Anna Wintour Reportedly Snubbed Beverly Johnson at Vogue's 100th Birthday Bash

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Anna Wintour Reportedly Snubbed Beverly Johnson at Vogue's 100th Birthday Bash

Anna Wintour notoriously rules her ivory tower, One World Trade Center, with an iron-and-Chanel jewelry encrusted grip. After longstanding accusations of rampant racism and classist hierarchies at the publishing empire boiled over last week—resulting in the exit of various Condé Nast figureheads—many turned their gaze to the bobbed empress at its helm. If such evils were allowed to run unchecked at Condé Nast for decades, the logic went, then the woman instrumental in its success must be involved somehow, right? Well, Beverly Johnson’s former publicist seems to think so.

James Hester, once publicist to the pioneering Black supermodel, told Page Six that he had to fight to get his client in the doors at Vogue’s 100th anniversary party in 1992. As the first Black woman to ever appear on the cover of American Vogue (in August 1974), he believed she deserved her part in the celebration. Instead, he says he was given the runaround by Wintour’s people.

They kept saying, ‘We’ll get back to you’. So, I had to get creative. I was working with C&C Music Factory and they were huge at the time, producing for Mariah Carey. I made a deal that they would dj for free and [“Deeper Love”] singer Deborah Cooper would perform in exchange for coverage in the magazine. Anna Wintour gets the message, and I deliver them. I go back and I make another deal and said, Beverly Johnson would really love to be invited, and they finally agreed.”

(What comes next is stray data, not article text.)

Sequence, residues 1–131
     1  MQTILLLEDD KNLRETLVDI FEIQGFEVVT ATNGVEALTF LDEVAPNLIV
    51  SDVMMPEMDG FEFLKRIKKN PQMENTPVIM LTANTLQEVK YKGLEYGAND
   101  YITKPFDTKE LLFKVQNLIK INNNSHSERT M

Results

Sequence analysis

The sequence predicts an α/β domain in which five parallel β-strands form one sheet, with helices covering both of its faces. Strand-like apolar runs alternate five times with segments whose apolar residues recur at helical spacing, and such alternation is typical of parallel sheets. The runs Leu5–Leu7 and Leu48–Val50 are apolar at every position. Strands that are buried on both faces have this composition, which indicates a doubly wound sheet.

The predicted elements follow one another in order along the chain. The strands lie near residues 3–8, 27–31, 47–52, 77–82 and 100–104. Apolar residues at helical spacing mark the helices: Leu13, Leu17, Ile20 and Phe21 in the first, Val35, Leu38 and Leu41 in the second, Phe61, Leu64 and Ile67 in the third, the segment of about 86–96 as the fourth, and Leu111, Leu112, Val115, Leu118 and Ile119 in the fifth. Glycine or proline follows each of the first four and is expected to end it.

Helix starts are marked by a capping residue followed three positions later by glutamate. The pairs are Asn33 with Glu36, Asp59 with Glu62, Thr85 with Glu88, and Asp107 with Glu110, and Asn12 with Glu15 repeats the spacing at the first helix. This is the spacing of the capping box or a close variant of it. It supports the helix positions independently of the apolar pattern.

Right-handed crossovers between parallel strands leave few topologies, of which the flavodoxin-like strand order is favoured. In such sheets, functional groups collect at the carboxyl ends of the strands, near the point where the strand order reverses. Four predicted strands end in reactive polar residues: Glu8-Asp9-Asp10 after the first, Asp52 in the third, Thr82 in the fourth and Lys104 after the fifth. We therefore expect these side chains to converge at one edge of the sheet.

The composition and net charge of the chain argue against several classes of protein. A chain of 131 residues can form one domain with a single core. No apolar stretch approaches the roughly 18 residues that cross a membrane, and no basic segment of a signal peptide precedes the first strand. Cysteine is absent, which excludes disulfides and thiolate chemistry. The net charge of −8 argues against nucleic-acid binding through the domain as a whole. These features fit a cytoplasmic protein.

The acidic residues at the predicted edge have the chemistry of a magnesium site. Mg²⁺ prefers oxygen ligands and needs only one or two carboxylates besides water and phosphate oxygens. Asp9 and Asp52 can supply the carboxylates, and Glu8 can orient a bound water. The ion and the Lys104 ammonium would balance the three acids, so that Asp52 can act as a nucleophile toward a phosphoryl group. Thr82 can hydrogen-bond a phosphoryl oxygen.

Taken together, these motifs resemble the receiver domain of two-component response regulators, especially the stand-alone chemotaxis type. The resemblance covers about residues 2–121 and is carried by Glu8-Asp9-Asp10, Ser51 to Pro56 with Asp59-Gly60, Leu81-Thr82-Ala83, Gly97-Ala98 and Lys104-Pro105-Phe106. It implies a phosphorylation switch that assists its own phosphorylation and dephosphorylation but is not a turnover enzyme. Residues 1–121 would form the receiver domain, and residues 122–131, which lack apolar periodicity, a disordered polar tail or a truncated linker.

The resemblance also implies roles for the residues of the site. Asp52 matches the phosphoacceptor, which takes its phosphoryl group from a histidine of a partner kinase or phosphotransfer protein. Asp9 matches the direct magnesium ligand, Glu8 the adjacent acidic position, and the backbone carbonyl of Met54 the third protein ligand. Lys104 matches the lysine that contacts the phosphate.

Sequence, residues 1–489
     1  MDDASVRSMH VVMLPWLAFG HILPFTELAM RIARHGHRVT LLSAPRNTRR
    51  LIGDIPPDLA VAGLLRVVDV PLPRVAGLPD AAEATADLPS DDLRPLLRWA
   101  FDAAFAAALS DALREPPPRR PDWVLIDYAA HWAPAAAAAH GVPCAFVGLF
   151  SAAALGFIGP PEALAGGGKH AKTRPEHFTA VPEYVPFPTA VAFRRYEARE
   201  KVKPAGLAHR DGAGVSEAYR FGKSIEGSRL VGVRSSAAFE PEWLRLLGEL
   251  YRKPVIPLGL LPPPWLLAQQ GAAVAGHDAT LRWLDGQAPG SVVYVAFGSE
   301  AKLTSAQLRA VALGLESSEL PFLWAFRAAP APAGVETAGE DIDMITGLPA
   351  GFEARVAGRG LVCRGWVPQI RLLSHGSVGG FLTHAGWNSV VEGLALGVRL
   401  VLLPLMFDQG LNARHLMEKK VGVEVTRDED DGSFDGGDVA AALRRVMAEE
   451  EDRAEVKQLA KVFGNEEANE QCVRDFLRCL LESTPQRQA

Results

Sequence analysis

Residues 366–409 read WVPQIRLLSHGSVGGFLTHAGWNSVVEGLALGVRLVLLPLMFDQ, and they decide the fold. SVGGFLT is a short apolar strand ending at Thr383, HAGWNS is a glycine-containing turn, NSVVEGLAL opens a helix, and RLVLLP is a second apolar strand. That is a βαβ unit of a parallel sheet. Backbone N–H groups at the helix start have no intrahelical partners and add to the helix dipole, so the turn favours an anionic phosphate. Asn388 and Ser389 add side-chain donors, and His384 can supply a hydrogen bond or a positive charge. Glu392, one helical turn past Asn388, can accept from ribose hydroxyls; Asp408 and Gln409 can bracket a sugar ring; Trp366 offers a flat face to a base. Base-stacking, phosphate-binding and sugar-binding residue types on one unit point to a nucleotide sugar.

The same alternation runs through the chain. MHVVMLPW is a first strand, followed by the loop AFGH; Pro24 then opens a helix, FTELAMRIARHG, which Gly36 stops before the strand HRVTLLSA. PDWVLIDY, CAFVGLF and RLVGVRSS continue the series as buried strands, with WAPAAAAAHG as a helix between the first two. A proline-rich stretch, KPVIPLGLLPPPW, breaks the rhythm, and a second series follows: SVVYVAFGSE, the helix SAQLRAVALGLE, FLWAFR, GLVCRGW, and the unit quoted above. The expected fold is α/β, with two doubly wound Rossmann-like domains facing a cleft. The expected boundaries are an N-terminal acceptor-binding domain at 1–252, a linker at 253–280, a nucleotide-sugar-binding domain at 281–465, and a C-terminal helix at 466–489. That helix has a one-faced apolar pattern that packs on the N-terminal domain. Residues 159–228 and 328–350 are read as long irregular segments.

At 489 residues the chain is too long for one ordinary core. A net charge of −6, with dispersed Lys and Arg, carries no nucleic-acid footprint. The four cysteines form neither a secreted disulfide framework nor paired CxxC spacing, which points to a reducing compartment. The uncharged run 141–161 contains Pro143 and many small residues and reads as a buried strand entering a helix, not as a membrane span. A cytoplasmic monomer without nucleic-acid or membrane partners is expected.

At the event itself, Hester further alleges that Wintour all but ignored Johnson, and that in photos of the event published in Vogue, Johnson’s head was not included. “[Wintour] has been awful to the black community,” Hester told Page Six. When asked for comment, Johnson told the outlet that “Jimmy…. really does have a great memory… and that’s like a nice story.”

Now, a snub at a party in the ’90s probably isn’t enough to unravel Wintour’s grip on the fashion and arts industries, considering last week’s turmoil ended with Condé Nast CEO Roger Lynch promising that the skeleton queen wasn’t going anywhere. Instead, stories like this—alongside André Leon Talley’s memoir and everything else that’s surfaced—bring to light the decades-long mistreatment of black women and models and staffers and assistants in the fashion industry, and allegedly under Wintour’s reign. But in response to this story, a rep for Wintour told Page Six:

“Anna has done much to champion diversity and inclusion throughout her tenure as editor-in-chief of Vogue, from putting Naomi Campbell on the cover of Anna’s first September issue in 1989 to supporting so many designers of color via the CFDA Vogue Fashion Fund.”

So if an empire in revolt won’t remove Wintour from the chessboard at Condé Nast: What will? [Page Six]

Marlo Hampton wants the Real Housewives of Atlanta to change with the times. In an interview with Hollywood Life, the longtime “Friend of the Show” said it’s “gonna look a little different” because “this is a movement […] we didn’t even see coming.”

“I’m positive things will change. I feel that with us addressing the issues to the executives, having that call, coming together with the changes that they’re already making. And they’re literally making changes, not just donations. […] This is still The Real Housewives Of Atlanta and there’s definitely going to still be some drama! You know, unfortunately we’re still going to have some drama. But for the most part, I think that we’re definitely gonna pull it together and do what we have to do for the for the community.”

I’m trying to imagine a world in which the Housewives become vehicles for good instead of chaos. Currently, it’s breaking my brain, but I believe in these women’s capacity for change—probably more than those starring in any other franchise still airing. [Hollywood Life]

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